- Optimising diagnosis and treatment of coagulopathy in severely injured trauma patients
- Award date
- 24 June 2016
- Number of pages
- Document type
- PhD thesis
- Faculty of Medicine (AMC-UvA)
Trauma has a profound impact on public health around the world. Yearly approximately 5 million people die due to traumatic injury, which is 1 out of every 3 severely injured patients. Therefore, improving survival after trauma is a major challenge in which timely therapy is of great importance.
In trauma patients, massive haemorrhage is one of the leading causes of mortality. Exsanguination accounts for more than 30% of mortality in trauma patients. The main part of the treatment of massive haemorrhage is to stop the bleeding. However, the development of trauma-induced coagulopathy (TIC) hampers this and exacerbates the bleeding. Therefore, treatment of coagulopathy is a cornerstone in achieving haemostasis and in therapy of bleeding trauma patients.
This thesis focusses on knowledge gaps in the field of diagnosis and treatment of TIC in severely injured trauma patients. In order to explore potential diagnostic tools for TIC and to investigate potential strategies to optimise treatment of TIC, the Academic Medical Center of Amsterdam has been participating in the International Trauma Research Network (INTRN) since 2012. The INTRN is a consortium of 6 European Level-1 trauma centres, which received funding from the European Union Framework Programme 7 (FP7) to perform research in the field of coagulopathy after trauma. This thesis is partly established by collaboration with INTRN and by using a large database of trauma patients. The aim of this thesis is to evaluate diagnostic tools for TIC and to investigate which transfusion strategy is associated with the best outcome after trauma. The first part of this thesis focusses on optimising diagnosis of TIC, whereas the second part of this thesis focusses on optimising treatment of TIC.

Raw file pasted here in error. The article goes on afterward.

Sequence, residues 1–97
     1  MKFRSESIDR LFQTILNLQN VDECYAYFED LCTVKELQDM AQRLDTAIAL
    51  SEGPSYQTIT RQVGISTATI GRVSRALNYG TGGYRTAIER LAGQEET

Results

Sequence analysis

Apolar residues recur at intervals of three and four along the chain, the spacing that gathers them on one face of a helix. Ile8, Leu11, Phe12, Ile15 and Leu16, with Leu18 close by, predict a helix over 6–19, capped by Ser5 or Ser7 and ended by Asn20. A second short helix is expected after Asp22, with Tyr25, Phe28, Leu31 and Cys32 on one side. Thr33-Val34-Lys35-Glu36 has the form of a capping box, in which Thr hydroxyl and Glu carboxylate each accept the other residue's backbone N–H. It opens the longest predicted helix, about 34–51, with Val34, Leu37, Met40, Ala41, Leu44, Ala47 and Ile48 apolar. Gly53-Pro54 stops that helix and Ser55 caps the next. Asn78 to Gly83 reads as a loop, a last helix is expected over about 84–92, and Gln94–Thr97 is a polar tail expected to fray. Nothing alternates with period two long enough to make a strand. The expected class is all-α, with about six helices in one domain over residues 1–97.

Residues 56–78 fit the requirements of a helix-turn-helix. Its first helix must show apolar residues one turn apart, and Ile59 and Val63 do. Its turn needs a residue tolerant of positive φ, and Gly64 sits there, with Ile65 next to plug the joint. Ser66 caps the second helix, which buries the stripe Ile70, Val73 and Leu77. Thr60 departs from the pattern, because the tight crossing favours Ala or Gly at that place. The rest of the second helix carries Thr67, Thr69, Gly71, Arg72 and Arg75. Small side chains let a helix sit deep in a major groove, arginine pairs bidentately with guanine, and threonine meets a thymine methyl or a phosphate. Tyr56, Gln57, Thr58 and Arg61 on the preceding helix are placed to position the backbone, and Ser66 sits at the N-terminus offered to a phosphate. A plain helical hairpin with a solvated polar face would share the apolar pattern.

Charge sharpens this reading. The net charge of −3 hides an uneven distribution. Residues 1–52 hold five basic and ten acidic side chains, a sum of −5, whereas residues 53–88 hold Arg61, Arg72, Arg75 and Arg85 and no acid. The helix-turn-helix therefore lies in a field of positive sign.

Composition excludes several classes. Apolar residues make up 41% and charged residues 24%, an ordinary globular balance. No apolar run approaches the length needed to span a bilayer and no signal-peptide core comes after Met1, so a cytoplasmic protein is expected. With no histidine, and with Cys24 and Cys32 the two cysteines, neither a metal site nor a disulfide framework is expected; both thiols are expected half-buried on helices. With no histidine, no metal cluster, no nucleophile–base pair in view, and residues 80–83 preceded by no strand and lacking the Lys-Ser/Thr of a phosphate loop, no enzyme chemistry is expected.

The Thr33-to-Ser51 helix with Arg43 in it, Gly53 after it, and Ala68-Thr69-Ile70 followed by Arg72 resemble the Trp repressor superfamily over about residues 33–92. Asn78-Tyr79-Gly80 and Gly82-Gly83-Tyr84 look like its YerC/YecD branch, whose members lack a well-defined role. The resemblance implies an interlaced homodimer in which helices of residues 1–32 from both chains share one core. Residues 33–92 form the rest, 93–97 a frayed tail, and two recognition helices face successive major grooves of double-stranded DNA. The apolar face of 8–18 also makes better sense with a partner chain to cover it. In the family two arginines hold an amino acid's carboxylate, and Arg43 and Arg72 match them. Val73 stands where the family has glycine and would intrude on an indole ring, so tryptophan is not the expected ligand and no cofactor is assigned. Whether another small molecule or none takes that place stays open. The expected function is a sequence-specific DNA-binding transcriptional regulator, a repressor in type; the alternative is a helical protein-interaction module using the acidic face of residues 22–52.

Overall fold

- Research conducted at: Universiteit van Amsterdam
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